FAQs

What is Aikido?

A brief history of "Aikido", and it's creator Morihei Ueshiba.

Aikido's founder, Morihei Ueshiba, was born in Japan on December 14, 1883. As a boy, he devoted himself to hard physical conditioning and eventually to the practice of martial arts, receiving certificates of mastery in several styles of jujitsu, fencing, and spear fighting. In spite of his impressive physical and martial capabilities, he felt very dissatisfied. He began delving into religions in hopes of finding a deeper significance to life, all the while continuing to pursue his studies of budo, or the martial arts. By combining his martial training with his religious and political ideologies, he created the modern martial art of aikido. Ueshiba decided on the name "aikido" in 1942 (before that he called his martial art "aikibudo" and "aikinomichi").

Aikido is a modern, non-aggressive Japanese martial art that was developed early in this century by Morihei Ueshiba (1883-1969). In Japanese, Aikido means "the way of harmony with the force and principle of nature." Aikido is derived from Japan's traditional budo (the way of martial arts), yet goes beyond the realm of budo; it is a path where the keen edge of martial art is used as a "Way" to spiritual growth.

On the technical side, aikido is rooted in several styles of jujitsu (from which modern judo is also derived), in particular daitoryu-(aiki)jujitsu, as well as sword and spear fighting arts. Oversimplifying somewhat, we may say that aikido takes the joint locks and throws from jujitsu and combines them with the body movements of sword and spear fighting. However, we must also realize that many aikido techniques are the result of Master Ueshiba's own innovation.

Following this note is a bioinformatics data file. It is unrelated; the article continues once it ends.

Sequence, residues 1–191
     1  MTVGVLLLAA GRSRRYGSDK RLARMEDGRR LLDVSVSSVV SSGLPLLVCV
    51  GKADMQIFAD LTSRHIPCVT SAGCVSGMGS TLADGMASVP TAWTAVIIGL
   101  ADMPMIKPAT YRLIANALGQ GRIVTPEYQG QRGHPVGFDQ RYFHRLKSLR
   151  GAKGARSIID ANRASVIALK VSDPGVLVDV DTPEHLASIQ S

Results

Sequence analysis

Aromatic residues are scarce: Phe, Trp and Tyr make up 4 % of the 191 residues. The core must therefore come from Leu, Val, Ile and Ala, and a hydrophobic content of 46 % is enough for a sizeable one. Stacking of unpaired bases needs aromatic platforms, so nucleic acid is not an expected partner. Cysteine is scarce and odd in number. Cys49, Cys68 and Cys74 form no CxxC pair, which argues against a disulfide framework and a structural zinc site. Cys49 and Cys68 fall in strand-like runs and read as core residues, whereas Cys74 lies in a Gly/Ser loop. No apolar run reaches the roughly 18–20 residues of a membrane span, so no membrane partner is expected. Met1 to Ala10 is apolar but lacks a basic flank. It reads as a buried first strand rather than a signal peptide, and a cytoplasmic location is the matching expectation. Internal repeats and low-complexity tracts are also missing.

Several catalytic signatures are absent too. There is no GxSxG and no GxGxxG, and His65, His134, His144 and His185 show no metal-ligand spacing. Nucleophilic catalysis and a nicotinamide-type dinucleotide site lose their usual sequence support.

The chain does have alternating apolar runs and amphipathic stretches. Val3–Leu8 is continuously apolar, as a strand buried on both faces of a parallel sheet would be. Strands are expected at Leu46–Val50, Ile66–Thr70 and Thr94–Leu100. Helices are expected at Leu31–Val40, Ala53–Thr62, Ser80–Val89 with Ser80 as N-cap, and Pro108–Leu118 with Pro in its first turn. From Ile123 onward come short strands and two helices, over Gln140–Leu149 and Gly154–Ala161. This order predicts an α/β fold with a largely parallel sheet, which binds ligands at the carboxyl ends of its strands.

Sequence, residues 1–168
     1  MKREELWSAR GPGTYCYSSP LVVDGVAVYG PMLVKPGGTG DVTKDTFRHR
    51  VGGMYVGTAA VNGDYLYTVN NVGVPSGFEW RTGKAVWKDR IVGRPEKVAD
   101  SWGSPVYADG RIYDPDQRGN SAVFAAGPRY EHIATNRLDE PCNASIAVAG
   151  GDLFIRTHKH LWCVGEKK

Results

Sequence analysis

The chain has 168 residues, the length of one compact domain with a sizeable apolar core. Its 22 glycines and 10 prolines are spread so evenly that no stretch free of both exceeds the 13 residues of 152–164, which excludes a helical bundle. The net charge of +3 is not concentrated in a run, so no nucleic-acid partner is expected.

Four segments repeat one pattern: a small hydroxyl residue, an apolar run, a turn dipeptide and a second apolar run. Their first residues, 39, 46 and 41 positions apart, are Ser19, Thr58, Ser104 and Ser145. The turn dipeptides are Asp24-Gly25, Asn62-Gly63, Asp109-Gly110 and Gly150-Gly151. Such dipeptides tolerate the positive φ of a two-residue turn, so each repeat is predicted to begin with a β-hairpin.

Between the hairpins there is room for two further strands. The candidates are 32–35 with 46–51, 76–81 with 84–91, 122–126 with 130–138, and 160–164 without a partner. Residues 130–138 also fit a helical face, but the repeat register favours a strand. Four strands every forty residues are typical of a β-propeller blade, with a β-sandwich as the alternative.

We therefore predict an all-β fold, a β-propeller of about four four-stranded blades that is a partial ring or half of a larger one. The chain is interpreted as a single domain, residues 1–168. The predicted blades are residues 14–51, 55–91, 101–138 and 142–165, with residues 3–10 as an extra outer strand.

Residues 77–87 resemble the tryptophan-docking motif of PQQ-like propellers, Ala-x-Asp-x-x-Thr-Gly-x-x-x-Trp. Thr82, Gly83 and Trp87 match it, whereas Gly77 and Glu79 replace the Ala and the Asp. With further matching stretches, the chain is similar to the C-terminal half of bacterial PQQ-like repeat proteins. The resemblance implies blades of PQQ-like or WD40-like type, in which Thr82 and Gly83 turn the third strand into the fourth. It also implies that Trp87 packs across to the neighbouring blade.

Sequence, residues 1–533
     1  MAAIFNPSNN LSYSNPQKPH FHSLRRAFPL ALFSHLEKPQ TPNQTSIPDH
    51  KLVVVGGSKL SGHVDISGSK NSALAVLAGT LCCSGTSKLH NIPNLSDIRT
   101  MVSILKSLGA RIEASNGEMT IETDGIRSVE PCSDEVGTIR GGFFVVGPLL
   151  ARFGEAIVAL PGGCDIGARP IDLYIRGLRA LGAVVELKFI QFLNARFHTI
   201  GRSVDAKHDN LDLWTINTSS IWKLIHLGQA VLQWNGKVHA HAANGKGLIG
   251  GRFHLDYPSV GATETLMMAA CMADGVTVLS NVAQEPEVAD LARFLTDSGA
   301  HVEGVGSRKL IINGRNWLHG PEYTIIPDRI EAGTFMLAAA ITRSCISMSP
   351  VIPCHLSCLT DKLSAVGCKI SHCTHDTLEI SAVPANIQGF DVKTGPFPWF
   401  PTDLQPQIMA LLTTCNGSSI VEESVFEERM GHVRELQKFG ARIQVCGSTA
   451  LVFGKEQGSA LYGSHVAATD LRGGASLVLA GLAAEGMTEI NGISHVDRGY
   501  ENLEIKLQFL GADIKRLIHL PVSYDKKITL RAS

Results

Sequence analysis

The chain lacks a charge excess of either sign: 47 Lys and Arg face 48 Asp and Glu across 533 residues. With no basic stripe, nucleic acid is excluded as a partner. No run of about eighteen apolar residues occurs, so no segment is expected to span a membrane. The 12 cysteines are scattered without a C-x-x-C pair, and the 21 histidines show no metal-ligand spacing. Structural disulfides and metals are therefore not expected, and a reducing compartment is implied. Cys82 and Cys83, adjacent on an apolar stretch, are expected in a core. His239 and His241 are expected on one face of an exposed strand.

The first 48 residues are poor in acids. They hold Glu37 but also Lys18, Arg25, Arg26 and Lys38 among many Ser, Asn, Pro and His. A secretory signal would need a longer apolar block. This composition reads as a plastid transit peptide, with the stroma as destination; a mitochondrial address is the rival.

The most outstanding feature of physical training found in Aikido is the repetitive practice of various motions known as kata (forms), until rational and unforced movement flows naturally throughout the body. By unifying body, mind and ki (internal energy), and by utilizing internal order together with physical balance, the hidden potential of each person may be expressed through the dynamism of technique. Using circular motions, Aikido harmonizes and neutralizes the aggressor's force. Training involves physical, mental, spiritual and ethical disciplines. It includes empty hand techniques, sword, stick, and knife defenses. Unique among martial arts, Aikido minimizes the need to maintain control of situations.

The fact that there are no competitions in Aikido is a logical conclusion of its philosophy. Since winning and losing are never a concern, the trainees are free to dedicate their efforts to mutual goals. It is therefore possible for men, women, and children of all ages to walk together down the path of budo, the heart of Aikido. Each individual trains and progresses at his or her own pace, finding harmony through personal development. Regular practice brings a sense of well being and self-confidence that permeates all aspects of daily life. As people with varying personalities and life styles come together for practice, they gain concrete experience in reconciling different points of view. In Aikido, there is no "Way" except the path of confronting "the enemy" that lies within oneself. Aikido is a path of dogged perseverance and dedication to improving both spirit and body. The recognition and acceptance of this aspect of training are the surest means of consistent personal development.

Aikido is not only a spiritual discipline but also involves physical mastery. We learn to respect others through mutual physical contact. In this way, a means of communication is established which transcends the barriers of lifestyle, language, culture, and race. Aikido, as a martial Way for all people, is like a compass which directs the completion and unification of each person's body, mind, and spirit with the fundamental and creative spirit of the universe.

Q?

Who are we?

A.

We are Main Street Martial Arts** Family Community Center and Black Belt Martial Arts Academy in Providence, Rhode Island, specializing in Martial Arts training practice for individual men and women, families, and children.
**Please note:  We are currently redesigning this web site from 7/6/15 through 8/15/15, but please don't hesitate to contact us at 1-401-274-7672 for a free-trial class at this time.  We are a full-time school open year-round. We're looking forward to meeting you and working with you!  You may also email to mainstma@gmail.com .